Figure 6 shows a file encoded using the default settings as analyzed in Zond 265. The playhead is set on frame 360, which is a B-frame (B-frame=green;I-frame=red;P-frame=blue). On the right, you see that the frame is grabbing references from four other frames, including 359, which is the immediately preceding I-frame, and three other frames before the I-frame, which obviously isn’t an IDR. The red box on the bottom shows the frames being referenced.

Figure 6. A file encoded with open GOPs showing frames referencing frames before the I-frame that starts the new GOP (click image to see in full size).

In Figure 7 you see the same file encoded with the closed GOP flag set. The playhead is set to frame 361 which is a P-frame. The only picture it refers to is 360, the immediately preceding I-frame. So, frame 360 is an IDR frame and all GOPs are closed.

Figure 7. A file encoded with closed GOPs so frames reference frames before the I-frame starting the GOP (click image to see in full size).

The Quality Delta Between Open and Closed in Ridiculously Small

Given the apparent greater efficiency of the open GOP, you would expect a significant quality delta. As you can see in Table 1, however, which tests four 1080p60 files encoded at 3 Mbps with 2-second GOPs, the quality delta as measured by VMAF is incredibly small (I’ll explain RADL later).

Table 1. The quality delta as measured by VMAF between open and closed is insignificant.

Figure 8 shows the encoding parameters from MediaInfo. On the left we see the default open-gop flag, on the right, we see that we successfully switched to a closed GOP (click image to see in full size).

Figure 8. MediaInfo proving that we compared open vs. closed GOP files (click image to see in full size).

Ben Waggoner Says There’s More

Since this is trending towards one of the driest blog posts ever written, I’m going to include a guest appearance from celebrity compressionist Ben Waggoner, who compresses all that lovely video you see on Amazon Prime. Writing on the Doom9 forum in August 2018, Waggoner pronounced,

I use a fairly high max-keyint (sometimes 360, equals 15 or 12 seconds) and most of the time IDR is at scene cut, making open-gop not that useful. Sacrificing a bit efficiency in exchange for better compatibility is my way to go.

Open GOP is definitely more useful with shorter GOPs. It was invaluable for DVD and HD DVD, which had a 0.6 second max GOP duration (14 frames @ 24p!). If your max GOP duration is shorter than typical shot duration, that’s where Open GOP is most useful, as it reduces keyframe strobing by providing inter-GOP B-frames to blend changes.

When having to use fixed closed GOPs, the relatively new –radl feature can help a bit.

Interpreting these comments, we see:

  • There is a compatibility trade-off with open GOPs, so closed GOPs are recommended.
  • The quality delta is more pronounced in short GOPs.
  • The problem isn’t just overall quality, it’s I-frame strobing (also called pulsing).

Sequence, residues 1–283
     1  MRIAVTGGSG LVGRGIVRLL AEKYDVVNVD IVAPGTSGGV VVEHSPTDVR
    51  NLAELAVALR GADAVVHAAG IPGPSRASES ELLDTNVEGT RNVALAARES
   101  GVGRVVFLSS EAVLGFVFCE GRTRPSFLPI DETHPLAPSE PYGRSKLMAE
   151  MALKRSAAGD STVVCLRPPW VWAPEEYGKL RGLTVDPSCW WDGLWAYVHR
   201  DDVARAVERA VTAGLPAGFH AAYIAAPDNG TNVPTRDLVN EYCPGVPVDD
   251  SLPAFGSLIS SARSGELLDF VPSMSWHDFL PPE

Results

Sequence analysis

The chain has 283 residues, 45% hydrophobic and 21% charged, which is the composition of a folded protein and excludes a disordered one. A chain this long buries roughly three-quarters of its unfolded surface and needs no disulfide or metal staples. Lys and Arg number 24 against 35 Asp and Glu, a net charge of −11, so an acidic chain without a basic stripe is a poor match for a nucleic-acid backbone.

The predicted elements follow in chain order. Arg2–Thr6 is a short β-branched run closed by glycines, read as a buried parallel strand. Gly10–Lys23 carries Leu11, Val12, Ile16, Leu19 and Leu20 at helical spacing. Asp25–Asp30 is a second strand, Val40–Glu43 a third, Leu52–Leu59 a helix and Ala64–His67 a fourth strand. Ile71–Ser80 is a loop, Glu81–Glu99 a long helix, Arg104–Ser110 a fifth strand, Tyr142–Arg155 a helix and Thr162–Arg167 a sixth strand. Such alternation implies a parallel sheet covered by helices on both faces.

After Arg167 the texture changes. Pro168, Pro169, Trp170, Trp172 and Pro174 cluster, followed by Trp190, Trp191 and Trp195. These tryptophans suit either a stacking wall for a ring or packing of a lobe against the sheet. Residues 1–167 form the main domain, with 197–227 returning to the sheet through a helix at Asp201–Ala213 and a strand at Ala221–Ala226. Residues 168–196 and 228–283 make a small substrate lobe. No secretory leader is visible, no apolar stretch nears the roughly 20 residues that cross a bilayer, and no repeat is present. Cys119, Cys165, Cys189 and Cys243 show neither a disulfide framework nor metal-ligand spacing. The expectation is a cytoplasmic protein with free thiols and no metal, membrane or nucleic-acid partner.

• Using RADL frames might help strobing

For those not up on their HEVC frame types, RADL frames are explained here as:

Leading pictures, which precede a random access point picture in output order but are coded after it in the coded video sequence. Leading pictures which are independent of pictures preceding the random access point in coding order are called Random Access Decodable Leading pictures (RADL).

Here’s what the x265 documentation tells us about RADL pictures.
Figure 9. RADL suggestions from the x265 documentation.

I added open-gop=0:radl=2 to the command string to add the RADL frames which MediaInfo confirmed. While Table 1 shows that overall quality was mostly unchanged, the point wasn’t quality, it was reducing strobing. Figure 10 shows that x265 created an extra P-frame in front of the I-frame, but I’m not 100% sure that’s a RADL frame, and I didn’t notice any difference when it came to strobing, which typically I only notice on very highly compressed files.

Figure 10. Zond 265 view of the file encoded with RADL frames.

The bottom line seems to be:

  • When encoding for ABR with x265, be sure to produce closed GOPs. If encoding with a different codec check what the default is and be sure to encode using a closed GOP.
  • Run your own tests when it comes to RADL.

Appendix I: x265 Command Strings

Open GOP

ffmpeg -y -i Football_1080p.mp4 -c:v libx265 -x265-params keyint=120:min-keyint=120:scenecut=0:ref=2:bframes=3:b-adapt=2:bitrate=3000k:vbv-maxrate=3000k:vbv-bufsize=6000k:pass=1   -f mp4 NUL && \
ffmpeg -i Football_1080p.mp4 -c:v libx265 -x265-params keyint=120:min-keyint=120:scenecut=0:ref=2:bframes=3:b-adapt=2:bitrate=3000k:vbv-maxrate=3000k:vbv-bufsize=6000k:pass=2  Football_1080p_open.mp4

Closed GOP

ffmpeg -y -i Football_1080p.mp4 -c:v libx265 -x265-params keyint=120:min-keyint=120:scenecut=0:ref=2:bframes=3:b-adapt=2:bitrate=3000k:vbv-maxrate=3000k:vbv-bufsize=6000k:pass=1:open-gop=0  -f mp4 NUL && \
ffmpeg -i Football_1080p.mp4 -c:v libx265 -x265-params keyint=120:min-keyint=120:scenecut=0:ref=2:bframes=3:b-adapt=2:bitrate=3000k:vbv-maxrate=3000k:vbv-bufsize=6000k:pass=2:open-gop=0  -an Football_1080p_closed


ffmpeg -y -i Football_1080p.mp4 -c:v libx265 -x265-params keyint=120:min-keyint=120:scenecut=0:ref=2:bframes=3:b-adapt=2:bitrate=3000k:vbv-maxrate=3000k:vbv-bufsize=6000k:pass=1:open-gop=0:radl=2  -an -f mp4 NUL && \
ffmpeg -i Football_1080p.mp4 -c:v libx265 -x265-params keyint=120:min-keyint=120:scenecut=0:ref=2:bframes=3:b-adapt=2:bitrate=3000k:vbv-maxrate=3000k:vbv-bufsize=6000k:pass=2:open-gop=0:radl=2  -an Football_1080p_closed_RADL.mp4

About Jan Ozer

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I help companies train new technical hires in streaming media-related positions; I also help companies optimize their codec selections and encoding stacks and evaluate new encoders and codecs. I am a contributing editor to Streaming Media Magazine, writing about codecs and encoding tools. I have written multiple authoritative books on video encoding, including Video Encoding by the Numbers: Eliminate the Guesswork from your Streaming Video ( and Learn to Produce Video with FFmpeg: In Thirty Minutes or Less ( I have multiple courses relating to streaming media production, all available at I currently work as as a Senior Director in Marketing.